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Mortgage Policies in Poland for Locals & Foreigners

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You can be sure that you will have a much more satisfying experience when you do everything you like to do (for example, play on internet casino sites) in your own home. Fortunately, this is not that difficult nowadays: mortgage loans, which exist in almost all countries, make becoming a homeowner quite easy. Using mortgage loans, you can also own a house in Poland, and you do not even have to be a Polish citizen. However, this system works a little differently in Poland. To help you, we have prepared a short guide on Polish mortgage policies.

Pick Your Home, Start Collecting Documents

If you want to buy a house with a mortgage in Poland, you need to start by checking your citizenship status. There are three possibilities in this regard:

  • You are a Polish citizen.
  • You are not a Polish citizen but live in one of the EU countries.
  • You are not a Polish citizen and do not live in an EU country.

The mortgage procedures for all three possibilities become exactly the same after a certain stage. However, in the second and third options, you should start with additional documents: EU citizens need a “registration of stay” document, and non-EU citizens need a “residency card.” Having these documents also enables you to have a PESEL (Polish identification number). With a few exceptions, almost every bank in Poland requests your PESEL number, and having this number makes it easier for you at every stage of the mortgage process, as we will explain below.

Once you have the PESEL number, whether you are a Polish citizen or not, the things you have to do are pretty much the same. First, you have to select the house you want to buy and collect the documents about it. Truth be told, this stage is the most complex as the number and type of documents you need to collect varies greatly depending on the type of house. The easiest thing is to collect documents for a second-hand flat, since in this case, it is often enough to give the national registry number. But if you want to use a mortgage for a first-hand flat or a house, you need to collect plans, permits. and dozens of different documents. Even if you are a Polish citizen, we strongly recommend that you seek help from a local mortgage broker at this stage. Because even if a single document is missing, you may have to start all over again.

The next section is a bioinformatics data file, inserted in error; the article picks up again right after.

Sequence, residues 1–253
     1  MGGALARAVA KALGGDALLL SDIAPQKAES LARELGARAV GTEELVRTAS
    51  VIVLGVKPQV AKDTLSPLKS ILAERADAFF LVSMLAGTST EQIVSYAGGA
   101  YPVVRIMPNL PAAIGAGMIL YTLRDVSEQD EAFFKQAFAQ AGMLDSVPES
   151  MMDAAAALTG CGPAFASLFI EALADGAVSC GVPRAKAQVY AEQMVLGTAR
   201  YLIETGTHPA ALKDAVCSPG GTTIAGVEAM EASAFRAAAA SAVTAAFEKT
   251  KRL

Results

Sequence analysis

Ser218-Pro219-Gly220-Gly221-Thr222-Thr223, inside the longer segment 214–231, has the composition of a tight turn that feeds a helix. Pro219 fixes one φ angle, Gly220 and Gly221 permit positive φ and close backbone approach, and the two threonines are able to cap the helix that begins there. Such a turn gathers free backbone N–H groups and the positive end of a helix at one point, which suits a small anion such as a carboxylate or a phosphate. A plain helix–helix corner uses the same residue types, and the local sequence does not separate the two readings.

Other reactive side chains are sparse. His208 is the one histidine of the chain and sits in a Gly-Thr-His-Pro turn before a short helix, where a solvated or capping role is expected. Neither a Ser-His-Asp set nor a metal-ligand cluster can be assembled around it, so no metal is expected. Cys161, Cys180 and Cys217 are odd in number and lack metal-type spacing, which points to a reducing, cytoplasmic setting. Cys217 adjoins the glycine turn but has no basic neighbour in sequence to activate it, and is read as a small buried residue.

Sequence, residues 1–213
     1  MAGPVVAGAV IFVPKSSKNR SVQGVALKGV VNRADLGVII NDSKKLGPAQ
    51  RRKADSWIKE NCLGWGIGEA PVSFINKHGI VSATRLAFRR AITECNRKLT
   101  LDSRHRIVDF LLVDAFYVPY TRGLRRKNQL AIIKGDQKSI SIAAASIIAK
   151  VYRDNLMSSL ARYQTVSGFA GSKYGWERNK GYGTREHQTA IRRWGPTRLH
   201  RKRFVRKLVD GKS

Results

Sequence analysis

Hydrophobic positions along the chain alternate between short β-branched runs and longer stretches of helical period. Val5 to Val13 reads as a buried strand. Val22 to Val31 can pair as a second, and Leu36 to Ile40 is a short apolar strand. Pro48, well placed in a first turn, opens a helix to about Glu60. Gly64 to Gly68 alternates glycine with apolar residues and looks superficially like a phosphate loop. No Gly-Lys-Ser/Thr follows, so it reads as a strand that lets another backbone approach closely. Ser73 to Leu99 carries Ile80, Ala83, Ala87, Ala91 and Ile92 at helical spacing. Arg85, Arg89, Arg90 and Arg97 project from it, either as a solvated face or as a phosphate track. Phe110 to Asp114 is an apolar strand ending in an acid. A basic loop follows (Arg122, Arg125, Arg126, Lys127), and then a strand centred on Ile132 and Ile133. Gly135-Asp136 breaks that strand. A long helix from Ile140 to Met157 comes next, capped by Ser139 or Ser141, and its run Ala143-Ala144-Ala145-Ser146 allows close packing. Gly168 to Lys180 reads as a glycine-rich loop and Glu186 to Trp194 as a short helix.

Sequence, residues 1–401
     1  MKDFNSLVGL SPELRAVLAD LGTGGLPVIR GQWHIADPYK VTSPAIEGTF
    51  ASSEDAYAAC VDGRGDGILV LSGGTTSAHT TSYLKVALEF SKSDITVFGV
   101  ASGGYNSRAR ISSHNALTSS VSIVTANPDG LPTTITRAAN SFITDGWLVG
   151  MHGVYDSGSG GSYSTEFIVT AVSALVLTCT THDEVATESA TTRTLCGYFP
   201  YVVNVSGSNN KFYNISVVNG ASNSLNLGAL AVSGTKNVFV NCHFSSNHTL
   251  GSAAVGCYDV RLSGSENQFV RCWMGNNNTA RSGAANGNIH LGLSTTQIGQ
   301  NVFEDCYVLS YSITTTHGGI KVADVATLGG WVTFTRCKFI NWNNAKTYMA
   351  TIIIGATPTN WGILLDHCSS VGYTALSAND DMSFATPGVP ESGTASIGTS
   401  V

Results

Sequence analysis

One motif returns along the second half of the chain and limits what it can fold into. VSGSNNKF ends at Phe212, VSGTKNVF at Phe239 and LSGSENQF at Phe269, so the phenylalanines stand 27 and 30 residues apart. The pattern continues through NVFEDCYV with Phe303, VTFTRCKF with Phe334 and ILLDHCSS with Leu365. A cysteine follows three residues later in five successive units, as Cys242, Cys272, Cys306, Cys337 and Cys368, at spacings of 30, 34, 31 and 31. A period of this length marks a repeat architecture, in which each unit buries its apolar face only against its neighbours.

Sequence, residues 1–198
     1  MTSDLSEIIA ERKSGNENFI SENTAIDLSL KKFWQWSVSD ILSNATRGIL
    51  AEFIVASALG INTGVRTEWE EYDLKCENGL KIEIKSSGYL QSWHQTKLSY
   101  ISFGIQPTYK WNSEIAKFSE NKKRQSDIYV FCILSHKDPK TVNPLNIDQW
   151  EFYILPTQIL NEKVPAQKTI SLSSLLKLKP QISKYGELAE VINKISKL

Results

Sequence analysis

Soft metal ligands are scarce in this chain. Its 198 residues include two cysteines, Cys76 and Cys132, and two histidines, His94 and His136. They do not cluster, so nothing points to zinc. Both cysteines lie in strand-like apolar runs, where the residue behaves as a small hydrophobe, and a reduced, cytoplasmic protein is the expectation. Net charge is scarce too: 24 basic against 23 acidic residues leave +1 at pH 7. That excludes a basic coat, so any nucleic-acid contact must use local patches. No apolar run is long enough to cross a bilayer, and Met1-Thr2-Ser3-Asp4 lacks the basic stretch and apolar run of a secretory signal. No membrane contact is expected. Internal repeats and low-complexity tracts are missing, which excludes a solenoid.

Check Your Creditability

After all the documents about the house or flat have been collected, you need to apply to the bank you want to use a mortgage and determine how much loan you can get. This is called the “creditability” stage, and each bank requires different documents from you for this process. For example, some banks want you to have been working in your current job for at least 6 months. Others consider it sufficient to provide just a 12-month bank statement. Since each bank has different procedures, it is not possible to say exactly which documents will be required at this stage: you have to learn this at the bank.

However, no matter which bank you choose, there is a fixed “golden” rule: the credit you can use cannot exceed 60% of your monthly net income. The mortgage system in Poland gives importance to your income as an individual rather than the value of the real estate to be purchased. For example, let’s assume that you have a monthly income of 10,000 Zloty: the credit you will use cannot exceed 6,000 Zloty (60%) per month. Mortgage loans in Poland are issued for a maximum period of 30 years, so the total maximum loan you can use in this example is 2,160,000 Zloty (6,000 x 12 x 30).

However, in reality, no bank is acting this generously. In practice, they also consider your DTI (debt to income) ratio. So, for example, even if your monthly income is 10,000 Zloty and your monthly credit card expenditures are above 4,000 Zloty, your credit allowance will be much less than 60%. As we mentioned above, each bank’s implementation is different, and they use their own special valuation rules. Still, these basics are enough to get you started and find out what to expect. In any case, the maximum amount of mortgage you can use is determined at the end of this procedure.

And You Get Your Loan

After examining the documents you submitted and measuring your creditability, the bank may accept or reject your application. If it is accepted, you will be invited to the bank by appointment. But keep in mind that this does not mean you are eligible for the loan: this appointment is just a form of “pre-approval.” You meet with a mortgage representative at the bank, and often this stage results in a valuation appointment to determine the value of the property. You have to pay for this process yourself, and it usually costs 400 – 500 Zloty. If the valuation process is also positive, you are invited to the bank for the last time to sign the mortgage agreement. At this stage, you are asked to pay an amount ranging from 10% to 20% of the value of the real estate upfront. After making this payment and signing the contract, your loan becomes available. Now you are a homeowner – congratulations!

 

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